California has basically failed in their experiment with it. Florida has had very poor success. And some of the other areas are experiencing the same problems. We're going to have to come up with a real unusual solution to be able to do it.

ASSEMBLYMAN ASSELTA: Thank you.

Don.

MR. DOLL: I'm Don Doll. I have a real estate office in Ocean City on the Island of Ocean City. As with Diane, we daily experience problems finding adequate insurance for home owners when we sell them the properties. I am also looking forward to trying to find a solution to this problem and hope that with your help and your input we'll be able to come up with some solutions.

MS. WEIGAND: I'm Barbara Weigand. I'm the Senior Vice-President of an insurance agency in Cape May City, and like some of the others here I face these problems, or our staff does, every day on the placement of insurance for the Realtors and the home owners in Cape May County. I'm very hopeful that we will be able to get a solution to these problems.

MR. AUERBACH: My name is Ken Auerbach. I am also an insurance agent with an agency in Monmouth County. I am also Director of the Professional Insurance Agents of New Jersey and past-President of the Independent Insurance Agents of Monmouth County. I see the problem with the availability of home owners insurance in the coastal region being driven by a capacity issue. I would hope that the Task Force arrives at solutions to increase this capacity which, by and large, means increasing the numbers of insurers who are eager to write insurance in New Jersey.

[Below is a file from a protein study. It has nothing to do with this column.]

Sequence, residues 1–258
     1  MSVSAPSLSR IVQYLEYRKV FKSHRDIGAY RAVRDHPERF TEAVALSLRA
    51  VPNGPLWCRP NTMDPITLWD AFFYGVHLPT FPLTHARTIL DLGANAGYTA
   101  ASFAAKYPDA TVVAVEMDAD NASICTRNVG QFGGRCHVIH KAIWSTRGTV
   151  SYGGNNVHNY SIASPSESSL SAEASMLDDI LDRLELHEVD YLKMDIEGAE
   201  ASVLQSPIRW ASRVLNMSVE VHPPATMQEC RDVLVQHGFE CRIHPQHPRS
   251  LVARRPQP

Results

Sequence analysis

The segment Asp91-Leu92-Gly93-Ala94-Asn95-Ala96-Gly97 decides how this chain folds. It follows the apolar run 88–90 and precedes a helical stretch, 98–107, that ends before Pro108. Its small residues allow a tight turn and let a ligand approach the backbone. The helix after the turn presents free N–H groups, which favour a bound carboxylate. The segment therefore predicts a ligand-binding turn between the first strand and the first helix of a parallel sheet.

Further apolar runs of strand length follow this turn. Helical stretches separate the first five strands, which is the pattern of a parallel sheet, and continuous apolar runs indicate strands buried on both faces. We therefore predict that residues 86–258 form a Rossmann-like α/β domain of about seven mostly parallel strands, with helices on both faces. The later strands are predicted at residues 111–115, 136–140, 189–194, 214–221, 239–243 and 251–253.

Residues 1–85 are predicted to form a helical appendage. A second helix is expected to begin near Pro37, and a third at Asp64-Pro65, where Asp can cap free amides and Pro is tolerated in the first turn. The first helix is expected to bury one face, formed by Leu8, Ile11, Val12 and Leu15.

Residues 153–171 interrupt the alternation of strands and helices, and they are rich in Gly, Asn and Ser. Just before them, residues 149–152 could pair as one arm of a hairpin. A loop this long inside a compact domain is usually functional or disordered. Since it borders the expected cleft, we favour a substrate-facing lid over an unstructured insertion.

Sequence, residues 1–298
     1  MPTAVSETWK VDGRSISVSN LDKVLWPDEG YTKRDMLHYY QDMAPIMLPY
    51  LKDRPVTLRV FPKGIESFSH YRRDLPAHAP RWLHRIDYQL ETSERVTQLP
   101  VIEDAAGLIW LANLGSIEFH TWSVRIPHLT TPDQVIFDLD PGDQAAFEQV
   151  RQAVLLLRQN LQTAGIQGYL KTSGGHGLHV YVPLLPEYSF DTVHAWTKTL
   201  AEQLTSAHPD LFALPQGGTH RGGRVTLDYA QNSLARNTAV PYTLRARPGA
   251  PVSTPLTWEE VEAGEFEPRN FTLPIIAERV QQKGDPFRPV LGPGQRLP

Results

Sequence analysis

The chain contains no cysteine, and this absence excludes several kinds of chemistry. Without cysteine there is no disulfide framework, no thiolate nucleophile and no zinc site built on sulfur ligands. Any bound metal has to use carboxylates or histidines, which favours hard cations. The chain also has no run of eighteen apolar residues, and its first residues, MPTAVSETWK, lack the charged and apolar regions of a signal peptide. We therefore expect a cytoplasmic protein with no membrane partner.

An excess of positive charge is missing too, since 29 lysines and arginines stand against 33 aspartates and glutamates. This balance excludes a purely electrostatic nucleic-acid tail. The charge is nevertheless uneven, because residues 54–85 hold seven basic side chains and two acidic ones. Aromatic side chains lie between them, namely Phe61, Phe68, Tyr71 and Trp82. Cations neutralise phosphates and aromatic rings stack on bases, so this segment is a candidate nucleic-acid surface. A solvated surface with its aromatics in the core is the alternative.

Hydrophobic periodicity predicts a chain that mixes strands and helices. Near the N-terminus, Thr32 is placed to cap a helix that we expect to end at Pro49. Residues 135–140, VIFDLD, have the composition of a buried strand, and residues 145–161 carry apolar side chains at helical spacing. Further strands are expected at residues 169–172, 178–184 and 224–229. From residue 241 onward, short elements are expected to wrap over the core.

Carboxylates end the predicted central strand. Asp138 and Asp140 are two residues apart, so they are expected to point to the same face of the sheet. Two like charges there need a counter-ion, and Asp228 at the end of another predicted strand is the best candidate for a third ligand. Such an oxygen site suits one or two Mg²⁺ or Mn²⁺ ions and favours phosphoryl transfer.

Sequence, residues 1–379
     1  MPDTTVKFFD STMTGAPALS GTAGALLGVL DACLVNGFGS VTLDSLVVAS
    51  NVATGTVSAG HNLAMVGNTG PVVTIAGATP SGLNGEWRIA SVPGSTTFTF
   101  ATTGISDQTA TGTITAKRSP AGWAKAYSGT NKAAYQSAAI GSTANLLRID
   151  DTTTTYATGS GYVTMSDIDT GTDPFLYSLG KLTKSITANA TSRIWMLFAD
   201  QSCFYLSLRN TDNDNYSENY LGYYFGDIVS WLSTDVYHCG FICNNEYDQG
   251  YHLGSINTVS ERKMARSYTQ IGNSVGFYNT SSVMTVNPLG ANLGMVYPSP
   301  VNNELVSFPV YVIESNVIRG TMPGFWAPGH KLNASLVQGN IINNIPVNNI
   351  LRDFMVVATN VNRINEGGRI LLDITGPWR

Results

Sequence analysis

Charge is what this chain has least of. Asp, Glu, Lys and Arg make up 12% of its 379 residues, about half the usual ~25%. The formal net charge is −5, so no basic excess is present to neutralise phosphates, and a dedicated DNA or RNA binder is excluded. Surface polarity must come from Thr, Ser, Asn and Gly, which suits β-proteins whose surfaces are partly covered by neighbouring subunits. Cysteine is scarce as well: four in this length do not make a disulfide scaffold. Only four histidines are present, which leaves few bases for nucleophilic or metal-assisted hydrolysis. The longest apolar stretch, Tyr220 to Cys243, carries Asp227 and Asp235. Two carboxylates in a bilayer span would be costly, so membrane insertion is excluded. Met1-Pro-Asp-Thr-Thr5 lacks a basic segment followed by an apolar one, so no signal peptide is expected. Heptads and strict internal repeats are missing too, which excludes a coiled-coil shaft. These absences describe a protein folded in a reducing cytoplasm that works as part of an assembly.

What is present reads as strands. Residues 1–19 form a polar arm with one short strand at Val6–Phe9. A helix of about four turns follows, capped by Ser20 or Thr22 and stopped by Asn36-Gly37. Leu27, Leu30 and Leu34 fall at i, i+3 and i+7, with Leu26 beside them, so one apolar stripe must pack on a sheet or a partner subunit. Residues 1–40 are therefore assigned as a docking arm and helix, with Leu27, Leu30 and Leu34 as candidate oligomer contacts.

ASSEMBLYMAN ASSELTA: Thank you, Ken.

As the public can see, this Task Force has a great deal of expertise and a great deal of knowledge in this area, and we're proud to put this together and try to solve this huge, huge economic problem.

Just to recap a little bit, the first meeting in Monmouth Beach, we had representatives from the insurance industry come forward and give quite a bit of testimony probably about an hour long, and also, the real estate industry. I know they're represented here this afternoon in the audience, and if they wish to come forward to just recap briefly, we'd appreciate it; and then we'll get into some testimony if possible.

Kelly, you're on the list here for testimony.

John, would you like to come forward just for a minute and recap or-- It's entirely up to you.

J O H N K. T I E N E: (speaking from audience) No. I think we talked to the committee (sic) enough. I think it would be important for them to hear from other groups, particularly local individuals--

ASSEMBLYMAN ASSELTA: Fine.

MR. TIENE: --and reserve for the future hearings.